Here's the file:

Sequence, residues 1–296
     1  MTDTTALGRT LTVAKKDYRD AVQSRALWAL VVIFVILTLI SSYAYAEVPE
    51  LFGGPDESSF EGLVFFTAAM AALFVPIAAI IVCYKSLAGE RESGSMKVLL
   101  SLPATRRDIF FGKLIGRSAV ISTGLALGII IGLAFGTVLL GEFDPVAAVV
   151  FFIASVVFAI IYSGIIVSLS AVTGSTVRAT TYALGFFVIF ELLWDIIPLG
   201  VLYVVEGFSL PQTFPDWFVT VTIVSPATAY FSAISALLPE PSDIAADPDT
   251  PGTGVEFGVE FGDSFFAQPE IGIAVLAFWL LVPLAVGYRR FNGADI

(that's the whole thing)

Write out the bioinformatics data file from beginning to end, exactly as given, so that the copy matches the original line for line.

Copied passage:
Sequence, residues 1–296
     1  MTDTTALGRT LTVAKKDYRD AVQSRALWAL VVIFVILTLI SSYAYAEVPE
    51  LFGGPDESSF EGLVFFTAAM AALFVPIAAI IVCYKSLAGE RESGSMKVLL
   101  SLPATRRDIF FGKLIGRSAV ISTGLALGII IGLAFGTVLL GEFDPVAAVV
   151  FFIASVVFAI IYSGIIVSLS AVTGSTVRAT TYALGFFVIF ELLWDIIPLG
   201  VLYVVEGFSL PQTFPDWFVT VTIVSPATAY FSAISALLPE PSDIAADPDT
   251  PGTGVEFGVE FGDSFFAQPE IGIAVLAFWL LVPLAVGYRR FNGADI